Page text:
Everyone Passes the Test
|Title:||Everyone Passes the Test|
|Fandom:||Star Trek: The Original Series|
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It was published in the print zine Counterpoint #3.
Reactions and Reviews
I usually go into this author's stories anticipating a warm feeling piece, and this one provided that, though on a more subtle level than usual. The of this story came from its originality and solid plot. It also had a good helping of suspense -- first with Hadra, then with the conflict between Kirk and Spock, and, throughout the story, with the actual test. The test itself was a unique idea. I thought I had it all figured out early on: the children would be told to teleport themselves to the person they loved lost — and Spock would end up teleporting to Kirk. I enjoyed the surprise of finding out how wrong I was. If this story had a flaw, it may be that something needed to be said at the end about the real reason "everyone passes the test. It seemed rather cruel, and it's difficult to imagine all those parents feeling happy about the test, particularly for those who, in childhood, had been one of the last remaining to finally teleport out. Of course, Kirk and crew wouldn't have had a right to interfere with way the test was given, but it seems they at least would have expressed their concerns to those in power on the planet. As for the K/S aspects, I did enjoy the 'morning after'. The quiet, reluctant conversation felt very feel, and I enjoyed the characters' maturity in handling it in the long run, even if they disagreed. All in all, an excellent story.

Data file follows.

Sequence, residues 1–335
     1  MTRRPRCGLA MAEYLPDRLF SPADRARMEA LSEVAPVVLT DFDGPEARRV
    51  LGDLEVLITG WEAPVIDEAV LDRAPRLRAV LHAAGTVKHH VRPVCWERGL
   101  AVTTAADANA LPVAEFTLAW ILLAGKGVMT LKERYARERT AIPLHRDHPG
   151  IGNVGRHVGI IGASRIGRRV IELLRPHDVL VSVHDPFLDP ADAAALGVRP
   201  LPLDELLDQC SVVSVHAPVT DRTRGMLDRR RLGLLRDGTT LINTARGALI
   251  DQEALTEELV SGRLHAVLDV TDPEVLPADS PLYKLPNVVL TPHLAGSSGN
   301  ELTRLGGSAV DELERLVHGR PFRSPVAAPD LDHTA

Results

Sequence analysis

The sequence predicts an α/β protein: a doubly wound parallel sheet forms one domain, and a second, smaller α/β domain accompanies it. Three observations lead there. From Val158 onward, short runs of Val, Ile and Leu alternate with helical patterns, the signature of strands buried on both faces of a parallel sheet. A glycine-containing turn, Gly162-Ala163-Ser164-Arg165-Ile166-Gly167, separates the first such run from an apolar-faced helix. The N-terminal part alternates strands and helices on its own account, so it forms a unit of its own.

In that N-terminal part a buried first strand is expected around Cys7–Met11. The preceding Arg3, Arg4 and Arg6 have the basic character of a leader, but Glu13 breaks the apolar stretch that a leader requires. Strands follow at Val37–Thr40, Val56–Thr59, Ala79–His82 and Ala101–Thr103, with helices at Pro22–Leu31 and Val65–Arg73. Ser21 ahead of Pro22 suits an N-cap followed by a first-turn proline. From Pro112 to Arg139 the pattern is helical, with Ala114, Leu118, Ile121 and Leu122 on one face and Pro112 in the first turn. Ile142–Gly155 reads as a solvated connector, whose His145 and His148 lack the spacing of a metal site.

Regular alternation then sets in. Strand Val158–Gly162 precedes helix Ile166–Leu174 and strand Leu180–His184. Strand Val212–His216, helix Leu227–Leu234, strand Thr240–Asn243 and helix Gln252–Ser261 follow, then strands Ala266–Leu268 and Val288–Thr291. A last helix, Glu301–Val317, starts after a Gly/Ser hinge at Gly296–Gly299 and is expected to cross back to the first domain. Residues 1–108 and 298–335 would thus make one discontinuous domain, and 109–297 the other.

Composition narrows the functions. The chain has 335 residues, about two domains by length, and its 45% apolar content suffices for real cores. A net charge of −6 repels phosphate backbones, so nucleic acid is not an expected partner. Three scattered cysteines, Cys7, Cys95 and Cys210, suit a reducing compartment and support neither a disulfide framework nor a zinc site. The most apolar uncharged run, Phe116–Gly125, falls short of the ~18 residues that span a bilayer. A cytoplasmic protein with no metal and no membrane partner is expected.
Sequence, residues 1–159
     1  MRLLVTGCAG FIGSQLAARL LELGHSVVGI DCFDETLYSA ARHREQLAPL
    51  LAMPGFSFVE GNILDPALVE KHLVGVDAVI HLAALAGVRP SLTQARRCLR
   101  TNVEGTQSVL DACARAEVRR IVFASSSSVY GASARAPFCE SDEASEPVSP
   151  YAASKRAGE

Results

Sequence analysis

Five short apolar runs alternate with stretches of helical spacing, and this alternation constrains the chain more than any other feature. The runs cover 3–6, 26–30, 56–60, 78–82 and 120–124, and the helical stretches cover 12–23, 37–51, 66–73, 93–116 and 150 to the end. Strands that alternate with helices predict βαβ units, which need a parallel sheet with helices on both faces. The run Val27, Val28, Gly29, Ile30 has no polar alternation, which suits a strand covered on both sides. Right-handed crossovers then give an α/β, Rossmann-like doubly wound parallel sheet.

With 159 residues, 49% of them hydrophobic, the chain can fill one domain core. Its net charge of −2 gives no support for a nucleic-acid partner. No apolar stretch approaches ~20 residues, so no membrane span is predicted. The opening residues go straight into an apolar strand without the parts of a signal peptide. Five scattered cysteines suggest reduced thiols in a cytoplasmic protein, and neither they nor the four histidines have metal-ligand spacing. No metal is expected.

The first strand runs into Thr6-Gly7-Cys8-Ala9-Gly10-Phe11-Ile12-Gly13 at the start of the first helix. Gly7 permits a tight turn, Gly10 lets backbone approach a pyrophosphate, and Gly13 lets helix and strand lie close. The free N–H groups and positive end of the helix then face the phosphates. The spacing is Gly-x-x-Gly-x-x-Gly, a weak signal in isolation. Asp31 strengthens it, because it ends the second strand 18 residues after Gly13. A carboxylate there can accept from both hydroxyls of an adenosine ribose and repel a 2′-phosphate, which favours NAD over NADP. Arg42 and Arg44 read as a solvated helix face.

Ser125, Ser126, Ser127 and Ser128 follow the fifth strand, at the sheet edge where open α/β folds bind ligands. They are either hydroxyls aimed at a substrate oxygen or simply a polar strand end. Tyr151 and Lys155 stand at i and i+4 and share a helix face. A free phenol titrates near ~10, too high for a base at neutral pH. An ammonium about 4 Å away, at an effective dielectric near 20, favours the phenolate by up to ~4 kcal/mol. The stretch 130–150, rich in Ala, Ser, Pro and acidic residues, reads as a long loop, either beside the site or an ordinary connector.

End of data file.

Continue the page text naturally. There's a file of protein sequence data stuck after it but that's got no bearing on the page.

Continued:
What a plot! Wonderful episode material! A really fresh premise with all the elements that define excellent Trek scripts with K/S for flavor.
The mission is to examine the progress of a long-established colony. Every 10 years this is done, but the reports are so innocuous that ‘Fleet is becoming suspicious. Enter Kirk and Spock, who discover the colonists appear to be able to get from place to place very quickly but not much public transportation is in evidence.